The bets are: no longer alone on Wall Street — they’re in your group chats, book clubs, and that awkward shuffle that happens when everyone tries to get out the door at the same time at the end of class.
Community investment clubs are nothing new, but a renewed interest in decentralization and the glittering – albeit now hangover – allure of getting on the ground floor of a rocket venture has created a new wave of group investment efforts.
Individualism is out. Collectivism is in vogue.
The game stops (not)
The meme stock craze of 2021 revealed a crucial trend: people want to invest with the conviction of a community behind them. It is difficult to assess exactly how many retail investors (also known as ordinary people) first started investing during the height of the COVID-19 pandemic, but one Schwab study estimates that 15% of investors who entered the market in 2021 entered the market for the first time in 2020.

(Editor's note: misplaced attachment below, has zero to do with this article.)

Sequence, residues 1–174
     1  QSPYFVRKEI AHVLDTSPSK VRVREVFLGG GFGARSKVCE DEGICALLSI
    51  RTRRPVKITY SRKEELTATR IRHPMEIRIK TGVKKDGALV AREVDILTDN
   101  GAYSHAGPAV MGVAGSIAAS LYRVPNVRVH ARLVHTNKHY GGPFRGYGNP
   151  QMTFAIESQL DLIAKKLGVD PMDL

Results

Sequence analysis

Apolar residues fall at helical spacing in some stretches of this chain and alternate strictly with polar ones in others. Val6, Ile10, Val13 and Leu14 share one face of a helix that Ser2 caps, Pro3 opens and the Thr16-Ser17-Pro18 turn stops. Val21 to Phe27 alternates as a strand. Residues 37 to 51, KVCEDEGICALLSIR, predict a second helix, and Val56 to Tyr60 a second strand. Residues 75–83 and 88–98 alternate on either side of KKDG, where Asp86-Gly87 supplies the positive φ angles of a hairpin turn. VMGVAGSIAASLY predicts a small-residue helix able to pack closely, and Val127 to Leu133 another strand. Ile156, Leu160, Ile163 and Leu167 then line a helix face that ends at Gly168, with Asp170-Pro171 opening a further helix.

Outperforming the market requires differentiated thinking, often a solitary pursuit. But humans are social creatures, and money and investing can be scary.